I've developed a nasty habit that I like to call "Alternate Soundtracking". I think it stems from my wanton desire to multi-task as much as possible. Most of my gaming these days is on handhelds while I ride the train and when I've got an iPod full of new and classic tunes vying for my attention, the games' soundtracks just become redundant.
This is a slightly different beast, though. Alternate soundtracking, for me, involves sitting down with a familiar game, turning down its volume, and queuing up my music library to find music that actually enhances the gaming experience.
For the first entry, I'm going to keep things simple. This one's all about the raw youthful energy. Super Street Fighter II is one of the most popular fighting games of all time, but its popularity isn't thanks to violence. There were plenty of louder, bloodier, more extreme fighters around when it released sixteen years back. Super Street Fighter II's claims to fame are its lightning-fast speed, precision controls, and its bright cartoony cast. More than any other fighting game franchise, the Street Fighter games are legendary for their charming characters and their respective special moves. And nothing aurally compliments SSFII quite like The Go! Team.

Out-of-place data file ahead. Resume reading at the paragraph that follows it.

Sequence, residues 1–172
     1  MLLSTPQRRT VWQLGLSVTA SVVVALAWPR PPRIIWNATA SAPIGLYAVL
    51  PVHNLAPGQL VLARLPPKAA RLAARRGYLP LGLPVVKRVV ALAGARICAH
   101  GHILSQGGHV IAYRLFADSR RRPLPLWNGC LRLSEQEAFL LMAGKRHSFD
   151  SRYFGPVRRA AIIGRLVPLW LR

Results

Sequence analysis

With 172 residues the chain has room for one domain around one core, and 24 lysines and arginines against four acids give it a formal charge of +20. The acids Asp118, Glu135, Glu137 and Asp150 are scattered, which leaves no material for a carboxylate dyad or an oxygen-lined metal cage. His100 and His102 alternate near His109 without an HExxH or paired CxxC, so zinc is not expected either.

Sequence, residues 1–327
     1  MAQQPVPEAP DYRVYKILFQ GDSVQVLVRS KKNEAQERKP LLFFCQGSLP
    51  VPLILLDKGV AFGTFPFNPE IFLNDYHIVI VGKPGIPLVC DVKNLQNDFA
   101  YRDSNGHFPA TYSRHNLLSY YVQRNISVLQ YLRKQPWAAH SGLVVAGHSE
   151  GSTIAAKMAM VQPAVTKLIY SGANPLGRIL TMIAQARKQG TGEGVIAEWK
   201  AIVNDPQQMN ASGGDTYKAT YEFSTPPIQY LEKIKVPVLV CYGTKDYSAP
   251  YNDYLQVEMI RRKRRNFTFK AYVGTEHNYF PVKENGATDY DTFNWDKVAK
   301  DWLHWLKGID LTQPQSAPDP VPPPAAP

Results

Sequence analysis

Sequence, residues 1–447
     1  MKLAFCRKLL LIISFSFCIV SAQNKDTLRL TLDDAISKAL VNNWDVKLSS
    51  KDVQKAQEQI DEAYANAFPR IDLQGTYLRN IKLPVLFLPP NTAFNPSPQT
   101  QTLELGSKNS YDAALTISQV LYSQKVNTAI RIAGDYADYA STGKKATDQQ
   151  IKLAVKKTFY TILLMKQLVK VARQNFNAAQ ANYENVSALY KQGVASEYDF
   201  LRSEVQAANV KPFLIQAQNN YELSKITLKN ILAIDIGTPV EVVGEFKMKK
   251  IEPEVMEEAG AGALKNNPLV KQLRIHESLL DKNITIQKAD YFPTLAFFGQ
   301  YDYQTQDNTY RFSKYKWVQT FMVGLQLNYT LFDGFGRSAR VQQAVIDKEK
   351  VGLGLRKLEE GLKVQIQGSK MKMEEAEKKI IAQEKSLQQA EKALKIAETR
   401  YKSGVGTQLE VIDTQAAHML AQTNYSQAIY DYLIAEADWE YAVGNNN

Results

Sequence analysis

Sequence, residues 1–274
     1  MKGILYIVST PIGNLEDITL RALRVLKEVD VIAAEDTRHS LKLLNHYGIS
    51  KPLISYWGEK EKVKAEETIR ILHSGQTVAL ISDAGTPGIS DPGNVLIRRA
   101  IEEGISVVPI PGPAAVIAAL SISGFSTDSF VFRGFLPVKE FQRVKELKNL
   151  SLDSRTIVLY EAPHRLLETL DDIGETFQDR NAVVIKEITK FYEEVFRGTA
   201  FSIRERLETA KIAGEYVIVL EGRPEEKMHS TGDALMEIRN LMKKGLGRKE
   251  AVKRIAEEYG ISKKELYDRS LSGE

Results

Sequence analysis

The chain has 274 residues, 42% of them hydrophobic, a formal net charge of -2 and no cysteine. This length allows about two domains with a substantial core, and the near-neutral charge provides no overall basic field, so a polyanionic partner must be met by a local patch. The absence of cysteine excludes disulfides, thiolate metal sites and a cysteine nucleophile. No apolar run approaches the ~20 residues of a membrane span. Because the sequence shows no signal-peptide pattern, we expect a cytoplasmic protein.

There's something inexplicably gratifying about pulling off Dee Jay's Double Rolling Sobat to "Doing It Right"'s handclaps and xylophone bridge. And the victory-dance horn section of "Titanic Vandalism" demands an endless barrage of Hurricane Kicks (or whatever the crap you kids are calling that flying kick move that Ryu and Ken do these days). "Grip Like A Vice"'s relentlessly sharp drums and female empowerment lyrics are practically an anthem for Cammy crushing every muscle-bound martial artist in her path! Public Enemy's Chuck D makes "Flashlight Fight" ideal for the final battles against Sagat and M. Bison. With horn blasts and Chuck D at your back, you'll feel like you are truly leading a revolution with your joypad.